A Cloward-Piven Strategy for Single Payer?


With yesterday’s passage in the House of the Obama administration’s health care reform bill, it would seem at first glance that the movement for national, single-payer health insurance has been seriously derailed. After all, if all of the hype and adulation surrounding the bill’s passage is to be believed, the fight for universal health care is basically over, except for necessary technical tweaks that will “fix” and “improve” the bill in the coming years.

However, there are many serious flaws in the bill that will put single payer back on the political agenda sooner than we may think. The indispensable and indefatigable folks at Physicians for a National Health Program (PNHP) cataloged many of them in a press release earlier today, but they only briefly touch on an issue that I think could potentially be a central aspect of single-payer strategy in the coming years: Medicaid and the fiscal crisis of the states.

Under the plan that Congress will pass, about half of the roughly 30 million people that would gain access to health insurance coverage would be placed in Medicaid. Medicaid is funded jointly by the federal government and the states, but the combination of dwindling tax receipts and surging enrollment – an estimated 3.3 million people joined the program in the last year alone – has severely impaired the states’ ability to meet their Medicaid obligations. This has forced many states to cut Medicaid reimbursements to doctors, resulting in drastic hardships for many Medicaid recipients. And last week, Arizona completely eliminated funding for the state’s Children’s Health Insurance Program, leaving 47,000 children without health insurance coverage. Besides, even before the recession, Medicaid was a badly underfunded and often inadequate program, even though five to seven million people that are Medicaid eligible are not even currently enrolled in the program. It’s true that under the plan that will be passed by Congress, the federal government will cover the cost of Medicaid expansion until 2016, but after that the cost burden will begin to shift back to the states. Since state budgets are not expected to return to health any time in the foreseeable future, Medicaid expansion could potentially break the budgets of many states around the country.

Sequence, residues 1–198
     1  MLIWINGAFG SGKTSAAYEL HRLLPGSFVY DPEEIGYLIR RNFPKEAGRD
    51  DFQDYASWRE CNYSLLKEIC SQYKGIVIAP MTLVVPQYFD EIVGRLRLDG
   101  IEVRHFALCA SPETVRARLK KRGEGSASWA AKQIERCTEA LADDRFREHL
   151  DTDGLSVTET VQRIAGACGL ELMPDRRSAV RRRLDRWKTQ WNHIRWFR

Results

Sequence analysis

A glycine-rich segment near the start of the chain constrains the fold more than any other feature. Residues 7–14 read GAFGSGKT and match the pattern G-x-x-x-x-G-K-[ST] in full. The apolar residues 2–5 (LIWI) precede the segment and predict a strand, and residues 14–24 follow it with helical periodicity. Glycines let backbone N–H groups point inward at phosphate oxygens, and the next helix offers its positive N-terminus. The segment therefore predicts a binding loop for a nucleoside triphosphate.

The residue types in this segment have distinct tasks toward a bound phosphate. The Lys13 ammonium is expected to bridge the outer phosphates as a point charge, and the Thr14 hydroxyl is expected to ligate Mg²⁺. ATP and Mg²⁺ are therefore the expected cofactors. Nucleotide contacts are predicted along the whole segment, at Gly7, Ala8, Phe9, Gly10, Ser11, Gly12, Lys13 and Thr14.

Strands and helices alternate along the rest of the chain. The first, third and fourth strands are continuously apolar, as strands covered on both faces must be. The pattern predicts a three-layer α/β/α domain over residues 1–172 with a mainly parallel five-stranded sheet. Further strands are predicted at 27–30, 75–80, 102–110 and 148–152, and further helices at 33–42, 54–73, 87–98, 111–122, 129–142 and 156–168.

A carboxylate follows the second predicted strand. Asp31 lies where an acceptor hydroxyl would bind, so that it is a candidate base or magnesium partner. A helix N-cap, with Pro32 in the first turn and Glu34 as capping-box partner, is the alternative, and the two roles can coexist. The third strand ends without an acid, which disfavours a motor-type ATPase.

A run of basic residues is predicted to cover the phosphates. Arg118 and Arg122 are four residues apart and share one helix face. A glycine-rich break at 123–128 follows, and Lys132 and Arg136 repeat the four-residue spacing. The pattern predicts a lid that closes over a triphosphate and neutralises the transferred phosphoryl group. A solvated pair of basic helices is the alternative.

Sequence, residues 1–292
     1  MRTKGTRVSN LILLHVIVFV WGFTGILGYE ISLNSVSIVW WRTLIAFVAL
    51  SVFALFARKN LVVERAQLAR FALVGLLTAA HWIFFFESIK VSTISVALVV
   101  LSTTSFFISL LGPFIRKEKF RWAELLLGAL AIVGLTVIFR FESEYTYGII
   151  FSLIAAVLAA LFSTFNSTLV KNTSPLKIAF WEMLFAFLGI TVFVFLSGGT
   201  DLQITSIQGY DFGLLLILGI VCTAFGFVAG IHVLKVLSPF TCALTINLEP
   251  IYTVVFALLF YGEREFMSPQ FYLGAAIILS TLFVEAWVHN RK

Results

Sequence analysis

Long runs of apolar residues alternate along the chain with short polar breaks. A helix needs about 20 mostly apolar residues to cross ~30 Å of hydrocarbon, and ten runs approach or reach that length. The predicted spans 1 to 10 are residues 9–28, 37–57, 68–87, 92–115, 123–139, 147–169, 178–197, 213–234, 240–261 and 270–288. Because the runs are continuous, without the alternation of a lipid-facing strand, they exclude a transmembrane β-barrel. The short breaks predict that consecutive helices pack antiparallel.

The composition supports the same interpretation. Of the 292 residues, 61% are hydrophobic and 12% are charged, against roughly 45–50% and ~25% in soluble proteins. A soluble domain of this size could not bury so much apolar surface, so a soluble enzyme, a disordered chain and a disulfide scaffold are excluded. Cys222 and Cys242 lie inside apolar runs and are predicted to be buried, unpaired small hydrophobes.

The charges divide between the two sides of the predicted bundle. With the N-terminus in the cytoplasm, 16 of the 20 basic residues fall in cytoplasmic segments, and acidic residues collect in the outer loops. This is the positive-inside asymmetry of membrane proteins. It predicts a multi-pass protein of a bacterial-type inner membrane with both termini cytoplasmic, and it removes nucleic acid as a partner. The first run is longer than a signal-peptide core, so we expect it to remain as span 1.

So what does this all have to do with formulating a winning strategy for the single-payer health care movement? To begin to answer this question, we need to look back at an old strategic proposal that I think has acquired a new relevance in the political terrain created by the passage of the Obama administration’s health care reform bill.

In 1966, scholar-activists Richard Cloward and Frances Fox Piven (a long-standing DSA member) wrote an article for The Nation called “The Weight of the Poor: A Strategy To End Poverty.” In the mid-sixties, Cloward and Piven found that only about half of the families eligible for Aid to Families with Dependent Children (what welfare used to be called), were actually enrolled in the program. Recognizing the political opportunities this gap between welfare law and practice presented, they formulated an analysis that became known as the “Cloward-Piven strategy.” As they explained in their book Poor People’s Movements, the strategy had two main components:

If hundreds of thousands of families could be induced to demand relief, we thought that two gains might result. First, if large numbers of people succeeded in getting on the rolls, much of the worst of America’s poverty would be eliminated. Second…we thought it likely that a huge increase in the relief rolls would set off fiscal and political crises in the cities, the reverberations of which might lead national political leaders to federalize the relief system and establish a national minimum income standard. It was a strategy designed to obtain immediate economic aid for the poor, coupled with the possibility of obtaining a longer-term national income standard.

The Cloward-Piven strategy to win a guaranteed minimum income for all Americans failed for a number of historically specific reasons, and a discussion of why this happened is beyond the scope of this piece. But the parallel between the premises of the original Cloward-Piven strategy and the situation we find ourselves in today in the fight for single payer presents itself fairly clearly. As efforts to win single payer through traditional organizing techniques and engagement with the established political system fail to bear much fruit, the crisis provoking strategy proposed by Cloward and Piven may be our best way forward.